Friday, June 27, 2008

The End Of An Era

Well, Bill Gates is finally stepping down from Microsoft. He built a massive company from his back yard and has created one of the most memorable companies in the history of business. I'd like to pass on my best wishes for his and Melinda's future, which I'm sure will be relatively smooth sailing.

I just wish there'd been someone better to hand it over to - right now the company is in serious need of a leadership with a clue. They are still floundering and directionless on a tide that's starting, very slowly, to turn against them. I hope for their sake that either their current leadership team or a new one appointed by their Board of Directors can once again lead the company in the way Bill Gates lead it up until he handed the rains over a while back.

Focussing on releasing quality applications once again, focussing on the needs of your actual end users not those you imagine are out there, taking an active interest in your partner channel that provides the buffer between the end user and yourselves (those partners, that is, who spend many, many hours dealing with the inadequacies and bugs in your software that are not addressed by better staffed and resourced development teams) and not looking solely at the bottom line - these are the things that will start to turn around public perfection of Microsoft as it is today.

People's reluctance to buy your software is ONLY offset by the fact that you have, to all intents and purposes, a monopoly. Were there any *real* choice, I can bet a vital organ or two that many of "your" customers would be using the alternatives.

Innovation in and of itself isn't going to win you any friends. Innovation in the areas that your partners and end users actually find beneficial will. What's happened over the last few years?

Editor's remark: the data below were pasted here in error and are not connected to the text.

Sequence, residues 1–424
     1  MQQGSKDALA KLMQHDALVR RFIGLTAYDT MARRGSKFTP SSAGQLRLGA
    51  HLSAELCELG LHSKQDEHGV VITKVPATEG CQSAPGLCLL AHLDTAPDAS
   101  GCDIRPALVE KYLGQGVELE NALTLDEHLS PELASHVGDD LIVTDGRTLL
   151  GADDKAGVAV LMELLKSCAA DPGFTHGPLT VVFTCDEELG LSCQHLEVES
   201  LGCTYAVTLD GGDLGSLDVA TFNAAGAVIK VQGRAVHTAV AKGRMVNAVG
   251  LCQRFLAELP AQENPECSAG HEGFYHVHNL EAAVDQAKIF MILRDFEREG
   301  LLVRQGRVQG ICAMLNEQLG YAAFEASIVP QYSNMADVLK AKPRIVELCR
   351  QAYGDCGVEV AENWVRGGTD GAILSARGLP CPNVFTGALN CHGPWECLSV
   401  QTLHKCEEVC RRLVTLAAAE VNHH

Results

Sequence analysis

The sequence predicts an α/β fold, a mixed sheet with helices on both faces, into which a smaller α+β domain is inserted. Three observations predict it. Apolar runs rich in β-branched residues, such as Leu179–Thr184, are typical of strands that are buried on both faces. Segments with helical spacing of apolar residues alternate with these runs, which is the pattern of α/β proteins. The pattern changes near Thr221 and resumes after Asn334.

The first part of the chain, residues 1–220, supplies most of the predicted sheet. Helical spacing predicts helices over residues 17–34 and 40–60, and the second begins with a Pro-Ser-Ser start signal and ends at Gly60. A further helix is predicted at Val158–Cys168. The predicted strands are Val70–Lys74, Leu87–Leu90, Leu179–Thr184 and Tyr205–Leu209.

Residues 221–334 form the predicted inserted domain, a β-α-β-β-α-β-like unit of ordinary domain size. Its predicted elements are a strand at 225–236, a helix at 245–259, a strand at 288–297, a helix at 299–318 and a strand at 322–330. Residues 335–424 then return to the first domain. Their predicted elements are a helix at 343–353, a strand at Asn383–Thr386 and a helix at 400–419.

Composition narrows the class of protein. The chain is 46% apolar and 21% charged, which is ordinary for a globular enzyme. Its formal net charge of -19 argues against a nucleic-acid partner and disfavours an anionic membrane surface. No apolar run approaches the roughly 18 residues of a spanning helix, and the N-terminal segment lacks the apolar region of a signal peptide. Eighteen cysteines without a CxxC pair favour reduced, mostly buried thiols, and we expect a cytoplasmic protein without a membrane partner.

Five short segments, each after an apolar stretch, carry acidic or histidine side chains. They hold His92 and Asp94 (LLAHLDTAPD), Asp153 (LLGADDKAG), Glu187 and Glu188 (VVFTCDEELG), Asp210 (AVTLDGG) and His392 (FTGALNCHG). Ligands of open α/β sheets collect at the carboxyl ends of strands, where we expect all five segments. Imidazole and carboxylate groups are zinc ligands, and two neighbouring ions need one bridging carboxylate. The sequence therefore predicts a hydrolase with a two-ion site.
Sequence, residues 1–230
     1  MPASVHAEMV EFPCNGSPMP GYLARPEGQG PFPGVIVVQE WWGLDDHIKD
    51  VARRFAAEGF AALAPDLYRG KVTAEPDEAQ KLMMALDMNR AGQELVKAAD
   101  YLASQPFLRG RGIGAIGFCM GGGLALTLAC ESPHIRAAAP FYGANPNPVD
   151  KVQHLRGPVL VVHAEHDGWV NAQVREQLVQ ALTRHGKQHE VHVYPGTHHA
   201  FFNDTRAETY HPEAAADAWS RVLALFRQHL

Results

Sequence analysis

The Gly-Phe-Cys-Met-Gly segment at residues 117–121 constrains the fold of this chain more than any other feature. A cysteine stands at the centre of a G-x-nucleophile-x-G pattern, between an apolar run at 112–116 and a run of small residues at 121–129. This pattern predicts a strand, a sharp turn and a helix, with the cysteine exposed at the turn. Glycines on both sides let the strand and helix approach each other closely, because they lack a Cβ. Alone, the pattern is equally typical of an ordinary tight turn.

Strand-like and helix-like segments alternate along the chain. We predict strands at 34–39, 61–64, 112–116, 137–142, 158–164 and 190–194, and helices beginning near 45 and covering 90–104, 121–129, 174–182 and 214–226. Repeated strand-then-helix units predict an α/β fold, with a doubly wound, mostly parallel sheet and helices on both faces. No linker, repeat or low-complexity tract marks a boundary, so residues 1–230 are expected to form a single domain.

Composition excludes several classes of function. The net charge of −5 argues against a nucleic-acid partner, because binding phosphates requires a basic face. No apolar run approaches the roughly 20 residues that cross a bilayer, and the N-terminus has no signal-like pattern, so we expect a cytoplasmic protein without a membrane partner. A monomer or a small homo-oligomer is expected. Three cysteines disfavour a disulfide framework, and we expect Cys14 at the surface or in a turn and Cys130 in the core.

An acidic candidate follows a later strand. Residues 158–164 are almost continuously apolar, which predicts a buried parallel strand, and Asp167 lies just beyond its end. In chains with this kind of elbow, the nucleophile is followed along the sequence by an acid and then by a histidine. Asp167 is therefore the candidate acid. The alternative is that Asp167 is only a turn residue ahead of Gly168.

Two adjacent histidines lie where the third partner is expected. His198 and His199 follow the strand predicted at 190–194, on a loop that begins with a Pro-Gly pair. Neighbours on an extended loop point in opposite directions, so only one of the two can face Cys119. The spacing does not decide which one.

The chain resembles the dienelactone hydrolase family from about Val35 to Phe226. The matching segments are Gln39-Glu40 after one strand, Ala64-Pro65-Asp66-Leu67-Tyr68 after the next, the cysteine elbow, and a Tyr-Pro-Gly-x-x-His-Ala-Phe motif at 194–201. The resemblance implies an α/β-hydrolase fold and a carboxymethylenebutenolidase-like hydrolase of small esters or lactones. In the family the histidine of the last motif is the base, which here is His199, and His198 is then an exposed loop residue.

The Outspoken Wookie

Thursday, June 19, 2008

Requesting Australian SBSC Community Input

I posted a similar request to the ANZ-SBSC group about a month back and again this morning, and am posting it here in case there's people reading this who are not a member of that list. This blog is a little more "open" than that list, and therefore I probably should be a little more careful in what I say. But those of you who know me know that I'm more than happy to say this in public - and that I've said this and more in the past! :)

If anyone wants to contact me via email with their response instead of via the comments on this blog, feel free to do so. I'm more than happy to keep your comments anonymous (beyond me) if you wish for that.

Anyway, until I get a better understanding of what an SBSC PAL is actually all about, I see my role as follows (in no particular order):

  • help Microsoft promote WHS/SBS/EBS to the SMB marketplace

  • help to make the SBSC designation actually meaningful, not just another Microsoft Acronym that makes the person in Microsoft who thought of it feel all warm and gushy on the inside

  • help the community at large understand that an SBSC, once we make it actually meaningful, will likely have a better idea of how Microsoft technologies can help their business than someone who hasn’t gone to the effort of learning about these Microsoft products at all

  • Channel ANZ SBSC community feelings and issues back to Microsoft

  • Channel these feelings back in my usual pull no punches way so that people in at Microsoft actually get to understand what it is like for those of us who don’t see “Microsoft” on our paycheques
I know that Robbie has taken a risk putting me in this position, and that he at least has an “out” in 12 months’ time. :) I know that Robbie knows that I’ll go at this like an attack dog on an unsuspecting bunny. I don’t think that many people in at Microsoft know a) what an SBSC is and want to know if they can have cream with it when they get one, and b) what’s coming. :)